But I am fearful.  So are you.  And that’s OK.  That’s how it probably will be for us.  And both hemispheres don’t fight each other.  They typically work in tandem.  For example, when I listen to what someone is telling me (left hemisphere) understand what they are saying (left) and interpret their non-verbal cues, tone of voice, facial expressions (right hemisphere) I can determine whether someone is telling me the truth or not.  That’s powerful.  That’s beautiful.  And that’s a strong and necessary way to live in this world.

What we need to do, however, is begin to value that intuitive side of us more.  We can start becoming more conscious of how we choose to live through experiences.  The right hemisphere -also known in Eastern philosophy as The Heart Center- is the compassionate side of us all.  It allows us to feel safe and secure, peaceful and joyful, and has our best interest in mind.  Literally.  The right hemisphere is where our body-mind connection, and our heart-spirit connection is made.  When we cry, and we feel the tears well up in our eyes, that is the right hemisphere doing its work.  When we laugh and feel a kinesthetic reaction (maybe our shoulders relax or our ribs tighten and then release, making us feel better) that is the right hemisphere doing its job.  When we feel indescribable joy of looking at a loved one, or feel at peace wrapped up in our warm blankets, or are soothed by beautiful music, we are tapping into our truest self and experiencing life in the form of simply being.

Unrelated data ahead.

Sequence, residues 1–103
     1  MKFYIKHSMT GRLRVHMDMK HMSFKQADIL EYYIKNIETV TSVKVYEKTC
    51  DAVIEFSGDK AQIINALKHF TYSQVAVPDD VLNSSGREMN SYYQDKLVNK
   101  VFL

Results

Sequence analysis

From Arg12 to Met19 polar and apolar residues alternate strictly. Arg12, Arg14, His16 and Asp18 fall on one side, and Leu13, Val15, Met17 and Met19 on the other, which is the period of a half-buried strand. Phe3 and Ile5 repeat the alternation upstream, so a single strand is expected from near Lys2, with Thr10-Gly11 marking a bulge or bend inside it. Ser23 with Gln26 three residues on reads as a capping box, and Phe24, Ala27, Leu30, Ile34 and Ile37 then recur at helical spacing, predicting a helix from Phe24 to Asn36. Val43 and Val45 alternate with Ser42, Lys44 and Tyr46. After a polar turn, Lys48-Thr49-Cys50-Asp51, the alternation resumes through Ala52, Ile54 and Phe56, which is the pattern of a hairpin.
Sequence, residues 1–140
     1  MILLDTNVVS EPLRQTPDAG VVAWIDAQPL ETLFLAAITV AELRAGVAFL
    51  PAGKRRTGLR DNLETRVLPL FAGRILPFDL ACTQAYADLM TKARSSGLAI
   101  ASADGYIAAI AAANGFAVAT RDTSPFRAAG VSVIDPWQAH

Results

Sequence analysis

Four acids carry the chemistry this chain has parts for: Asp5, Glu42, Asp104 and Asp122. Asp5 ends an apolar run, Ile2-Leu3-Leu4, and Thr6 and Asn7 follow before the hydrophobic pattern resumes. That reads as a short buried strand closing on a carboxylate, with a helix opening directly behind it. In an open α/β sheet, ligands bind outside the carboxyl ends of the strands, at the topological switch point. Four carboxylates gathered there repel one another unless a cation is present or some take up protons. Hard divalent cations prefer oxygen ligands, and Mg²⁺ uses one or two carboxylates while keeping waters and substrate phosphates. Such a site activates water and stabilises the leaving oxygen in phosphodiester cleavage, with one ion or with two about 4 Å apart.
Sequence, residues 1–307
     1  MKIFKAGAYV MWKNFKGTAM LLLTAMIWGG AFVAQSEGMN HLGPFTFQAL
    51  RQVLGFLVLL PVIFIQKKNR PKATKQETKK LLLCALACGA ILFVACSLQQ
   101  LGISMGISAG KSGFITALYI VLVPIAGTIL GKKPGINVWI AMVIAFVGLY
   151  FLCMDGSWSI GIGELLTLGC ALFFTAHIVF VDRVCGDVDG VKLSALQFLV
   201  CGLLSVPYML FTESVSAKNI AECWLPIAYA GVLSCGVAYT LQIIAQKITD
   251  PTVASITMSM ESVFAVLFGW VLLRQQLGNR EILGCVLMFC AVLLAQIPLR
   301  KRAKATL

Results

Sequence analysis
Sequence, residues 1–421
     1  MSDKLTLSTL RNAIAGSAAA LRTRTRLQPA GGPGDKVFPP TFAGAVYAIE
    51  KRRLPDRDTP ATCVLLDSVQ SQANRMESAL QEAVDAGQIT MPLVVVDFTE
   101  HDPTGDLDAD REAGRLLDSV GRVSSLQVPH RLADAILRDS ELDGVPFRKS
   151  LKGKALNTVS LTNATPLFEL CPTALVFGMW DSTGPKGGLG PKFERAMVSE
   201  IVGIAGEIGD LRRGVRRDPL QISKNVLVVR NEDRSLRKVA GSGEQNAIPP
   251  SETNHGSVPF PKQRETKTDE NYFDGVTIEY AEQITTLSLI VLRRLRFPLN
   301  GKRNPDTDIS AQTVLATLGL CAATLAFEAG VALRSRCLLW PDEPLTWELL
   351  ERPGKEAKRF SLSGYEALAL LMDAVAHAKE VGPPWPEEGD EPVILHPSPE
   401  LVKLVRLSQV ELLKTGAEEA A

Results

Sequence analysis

Every time we can remember to ride the wave of emotion that surges through us and feel the sensations in our bodies, and experience the depths of the emotion, but release it (whatever the emotion is) and  bring ourselves back to the present moment we are allowing ourselves to feel and to be moved to create new experiences and a new way of being.  In short, we are rewiring our brains and bodies to be more compassionate.  To be more spontaneous.  To be more free.  To be more loving.  To be more creative.  To be more adventurous.  To be (dare I say it?) our most perfect selves.